I went to my chiropractor this morning and told him that there is someone in my life that is working against what he is trying to accomplish.
“Who?” he asked
“Me” I said.
I went riding yesterday after work, one of the benefits of going to work at 5:30 am is that I can go home at 2:30, so I did. When I arrived at home and found that my family was still out, I said “Yes!” Well not really, but that did mean that I could go on a longer ride without wanting to get back and help out. I actually want to get home and help out. Now how I help I believe should be something along the lines of chainsawing, demolition, or construction. The offer to help clean is not something that I want to hurry home to do, cooking sure, but cleaning definitely not. Playing baseball with my son or wrestling with my daughter, sure. Doing laundry or the dishes, well, you get the idea.
Back to my ride.
I put on my new bike shorts and packed my new trail bike tool (I would tell you the name of the product, but I want endorsements before I do that), thank you Father’s Day, and I headed to the trails. I have a love/hate relationship with my riding app on my phone (again I will not tell you which one, please contact me if you would like me to promote your product. I have a huge readership that would love to download your free app. Please don’t ask me to define huge). I love it because it tells me how far I went and how fast, I hate it because it tells me how little I did and how slow. But yesterday I had some extra time so I could make that squiggly line that maps how far I went look a lot messier.
The real story here is that I only had one wreck on my ride but I actually earned it, or asked for it depending on your interpretation of events. Usually my wrecks happen because of one of three factors. The first is what I call “The Fatigue Factor”. I have been riding long enough that my body and my mind are not working at optimal levels and I hit a two inch tall root that sends me flopping off my bike.
The second factor is what I call “The Rust Factor”. The Rust Factor occurs when I try to do the things that I was doing 20 years ago that I assume that I can still do, only to remember that I have not done something like that it 20 years. This does not assume that the situation is risky, it only assumes that I have acquired a certain amount of rust that makes easy things hard, and hard things impossible.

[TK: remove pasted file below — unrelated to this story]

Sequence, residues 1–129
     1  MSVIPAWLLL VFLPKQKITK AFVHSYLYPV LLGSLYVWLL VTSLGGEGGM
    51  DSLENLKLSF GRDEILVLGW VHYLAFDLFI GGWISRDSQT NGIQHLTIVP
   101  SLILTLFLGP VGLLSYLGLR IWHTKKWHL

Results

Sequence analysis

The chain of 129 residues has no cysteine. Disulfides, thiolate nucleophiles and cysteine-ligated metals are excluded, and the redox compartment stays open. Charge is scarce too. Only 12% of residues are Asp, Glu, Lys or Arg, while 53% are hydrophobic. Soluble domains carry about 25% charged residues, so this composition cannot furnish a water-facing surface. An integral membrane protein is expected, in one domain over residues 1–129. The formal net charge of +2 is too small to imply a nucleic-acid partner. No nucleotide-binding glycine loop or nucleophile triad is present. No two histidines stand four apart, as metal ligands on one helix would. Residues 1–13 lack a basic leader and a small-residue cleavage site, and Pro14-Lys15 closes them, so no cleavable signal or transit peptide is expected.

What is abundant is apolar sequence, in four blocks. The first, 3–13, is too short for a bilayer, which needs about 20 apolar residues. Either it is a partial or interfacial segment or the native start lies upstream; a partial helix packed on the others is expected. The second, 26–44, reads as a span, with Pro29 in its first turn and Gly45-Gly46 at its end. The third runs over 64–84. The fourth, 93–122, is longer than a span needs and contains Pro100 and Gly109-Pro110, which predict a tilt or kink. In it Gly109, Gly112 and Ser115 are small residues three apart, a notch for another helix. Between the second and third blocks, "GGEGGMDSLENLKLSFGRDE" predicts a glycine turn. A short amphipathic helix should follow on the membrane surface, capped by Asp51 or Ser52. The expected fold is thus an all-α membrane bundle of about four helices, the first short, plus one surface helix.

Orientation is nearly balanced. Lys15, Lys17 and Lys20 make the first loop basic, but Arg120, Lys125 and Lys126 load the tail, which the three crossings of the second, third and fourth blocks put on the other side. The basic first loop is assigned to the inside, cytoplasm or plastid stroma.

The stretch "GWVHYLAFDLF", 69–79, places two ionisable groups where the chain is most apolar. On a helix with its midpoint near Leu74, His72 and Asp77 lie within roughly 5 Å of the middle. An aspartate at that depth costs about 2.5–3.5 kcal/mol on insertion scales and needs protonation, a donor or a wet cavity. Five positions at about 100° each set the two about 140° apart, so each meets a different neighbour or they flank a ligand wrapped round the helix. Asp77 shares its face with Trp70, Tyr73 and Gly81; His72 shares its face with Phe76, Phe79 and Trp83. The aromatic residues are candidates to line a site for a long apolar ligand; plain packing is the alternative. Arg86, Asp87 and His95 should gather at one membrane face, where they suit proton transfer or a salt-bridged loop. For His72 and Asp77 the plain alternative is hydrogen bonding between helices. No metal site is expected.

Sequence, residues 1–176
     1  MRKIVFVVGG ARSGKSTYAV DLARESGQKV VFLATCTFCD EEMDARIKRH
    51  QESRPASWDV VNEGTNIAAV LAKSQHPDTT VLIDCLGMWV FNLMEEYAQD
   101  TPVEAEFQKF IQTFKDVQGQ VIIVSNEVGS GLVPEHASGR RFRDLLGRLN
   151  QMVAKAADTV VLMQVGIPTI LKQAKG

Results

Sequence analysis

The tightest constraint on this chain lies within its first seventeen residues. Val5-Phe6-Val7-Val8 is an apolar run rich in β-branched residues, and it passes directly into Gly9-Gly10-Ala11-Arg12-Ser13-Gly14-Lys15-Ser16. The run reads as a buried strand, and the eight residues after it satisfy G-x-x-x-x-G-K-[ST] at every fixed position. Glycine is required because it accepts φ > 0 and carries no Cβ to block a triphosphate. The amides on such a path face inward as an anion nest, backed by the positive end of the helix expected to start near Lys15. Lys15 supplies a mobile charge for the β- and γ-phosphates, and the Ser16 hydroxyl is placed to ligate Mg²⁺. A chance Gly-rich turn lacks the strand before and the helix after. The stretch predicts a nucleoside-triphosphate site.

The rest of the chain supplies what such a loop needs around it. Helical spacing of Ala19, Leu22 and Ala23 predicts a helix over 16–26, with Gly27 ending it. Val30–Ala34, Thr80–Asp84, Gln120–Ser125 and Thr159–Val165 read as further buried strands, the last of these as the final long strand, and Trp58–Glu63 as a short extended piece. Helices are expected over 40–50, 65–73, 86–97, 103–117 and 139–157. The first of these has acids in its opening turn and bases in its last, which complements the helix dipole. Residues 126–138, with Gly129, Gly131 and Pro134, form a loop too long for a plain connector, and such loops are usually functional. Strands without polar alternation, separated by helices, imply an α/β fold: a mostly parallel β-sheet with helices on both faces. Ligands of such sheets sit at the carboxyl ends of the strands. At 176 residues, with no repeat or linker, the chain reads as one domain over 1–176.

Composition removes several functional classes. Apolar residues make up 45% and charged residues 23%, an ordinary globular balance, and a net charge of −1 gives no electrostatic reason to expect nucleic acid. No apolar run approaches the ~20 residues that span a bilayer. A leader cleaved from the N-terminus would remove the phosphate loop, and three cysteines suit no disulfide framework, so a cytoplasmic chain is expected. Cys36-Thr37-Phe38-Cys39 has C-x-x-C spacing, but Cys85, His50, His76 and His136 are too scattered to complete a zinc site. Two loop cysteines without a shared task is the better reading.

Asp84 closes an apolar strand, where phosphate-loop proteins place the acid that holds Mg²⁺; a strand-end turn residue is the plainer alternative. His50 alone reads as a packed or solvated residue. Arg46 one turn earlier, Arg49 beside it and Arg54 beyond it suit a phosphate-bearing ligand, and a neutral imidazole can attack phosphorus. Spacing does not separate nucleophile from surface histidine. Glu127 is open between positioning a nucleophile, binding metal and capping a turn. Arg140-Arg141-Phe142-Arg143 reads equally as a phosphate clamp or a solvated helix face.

The third factor I simply call “The Oblivious Factor”, otherwise known as “The Bonehead Factor”, or “The Didn’t-See-That-Coming Factor”. This lack of foresight is the most embarrassing because it assumes that you weren’t looking past the end of your front wheel and something totally benign sends you careening into a tree.
Yesterday my wreck did not occur because of one of those factors, but a combination of all three that worked in concert with a fourth factor that I like to call “The Whee! Factor”. The Whee! Factor is when you have a wreck because you wanted to have fun. This happened when I saw a ramp-shaped rock on the right side of the trail and thought “Wheee!”
What I didn’t account for was “The Oblivious Factor” that informed me in mid-air that the trail jogged to the right on the back side of this wonderful ramp. Now the Whee! Factor tends to ignore the Fatigue Factor because excitement has a wonderful way of energizing me. But the Rust Factor kicked me in the butt when I was in mid air and did not correct for the landing well and headed off the bike and off the trail because like I said before the Oblivious Factor had me ignoring the fact that I actually angled my bike off the trail.
So I earned that wreck. Unlike so many of my wrecks that only account for one or two of those factors, this wreck accounted for all of them. If I am going to wreck, I want it to be something that I am proud of. I am proud of this one, I am proud and thankfully not injured. My son wrecked a few weeks ago and came down the trail smiling with broken helmet and some weeds stuck to his bike. I was excited to see my son embrace the idea that wrecking doesn’t necessarily need to breed fear, it can challenge us, teach us, and excite us. But I do enjoy it more when I earn it.